Release Date: Aug 8, 2006
Record label: Sub Pop
Genre(s): Indie, Rock
The Comets on Fire time warp sounds like a fun place to be. With their brand of classic rock filtered through too much Calpol and whisky chasers, the Santa Cruz band are still firmly based in 1973 - quite probably in a desert, wearing sunglasses. Still, they have come a long way since their last album, the hazy, hypnotic Blue Cathedral. It's not often that violent noisecore comes anywhere close to being tuneful, but on Avatar the two disparate methods meld splendidly.
Two full years after the dazzling acid-dredged, sonic song mash-up that was Blue Cathedral, Comets on Fire return, all members intact -- despite many solo projects in the intervening years -- with Avatar. There are distinct nods to the distant West Coast past on Avatar and yeah, it is a good thing For starters, the double- and even triple-tracking of Ethan Miller's voice on many of these cuts sounds like the triumvirate of Paul Kantner, Marty Balin, and Grace Slick of the Jefferson Airplane! The rhapsodic clamoring for ecstatic release sound in this method is beguiling, and offset by the sheer acid rock heaviness of the band's instrumental attack. Take the opener "Dogwood Rust" as an example.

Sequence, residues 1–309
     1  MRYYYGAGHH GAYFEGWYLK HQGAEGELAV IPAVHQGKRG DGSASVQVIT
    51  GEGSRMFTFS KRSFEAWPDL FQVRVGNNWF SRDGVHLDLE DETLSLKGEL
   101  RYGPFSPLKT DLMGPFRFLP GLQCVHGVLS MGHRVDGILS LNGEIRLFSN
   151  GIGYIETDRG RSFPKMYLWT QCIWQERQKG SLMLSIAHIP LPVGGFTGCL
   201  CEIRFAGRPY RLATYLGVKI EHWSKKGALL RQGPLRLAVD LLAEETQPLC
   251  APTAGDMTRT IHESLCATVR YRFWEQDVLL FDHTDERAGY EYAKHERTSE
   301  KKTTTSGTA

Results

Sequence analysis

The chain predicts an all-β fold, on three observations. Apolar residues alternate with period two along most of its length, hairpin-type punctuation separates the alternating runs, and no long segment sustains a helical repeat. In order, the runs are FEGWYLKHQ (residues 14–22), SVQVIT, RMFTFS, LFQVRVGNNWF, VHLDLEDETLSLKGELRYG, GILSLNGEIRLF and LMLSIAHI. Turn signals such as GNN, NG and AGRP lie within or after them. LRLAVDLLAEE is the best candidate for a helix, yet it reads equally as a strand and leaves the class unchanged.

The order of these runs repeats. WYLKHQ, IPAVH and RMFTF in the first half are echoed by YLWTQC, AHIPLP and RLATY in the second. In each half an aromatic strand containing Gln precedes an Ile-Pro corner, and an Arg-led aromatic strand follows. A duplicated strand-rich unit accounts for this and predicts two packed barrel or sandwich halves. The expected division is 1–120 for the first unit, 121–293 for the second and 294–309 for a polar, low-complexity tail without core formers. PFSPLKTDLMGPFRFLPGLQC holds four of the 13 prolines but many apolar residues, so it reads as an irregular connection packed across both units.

Comets on Fire get to sit in a catbird seat of their own making, surveying the landscape of modern psychedelic rock, and the long-haired, bearded (or peasant-skirted), Arthur-approved free spirits that people it, from way up high. They certainly didn’t resurrect this whole she-bang, but it’s their output and their personnel that have put out its most righteous salvos in the front half of the ‘00s; it’s their influences that have hit the most satisfying touchpoints; it’s their high points that rank among the most memorable moments the movement has produced. They set the scene for how much freaking out is acceptable in an album while still maintaining coherence and chops.
Comets on Fire have finally gotten a handle on their big, hot noise. Avatar, the band's third full-length, sparks up immediately with the churning of "Dogwood Rust," complete with a patented Comets on Fire freak-out/breakdown at the end. Singer/guitarist Ethan Miller's vocals have become more focused, descending into a blues croon rather than a sandpaper peyote howl, and you can usually understand what he's saying.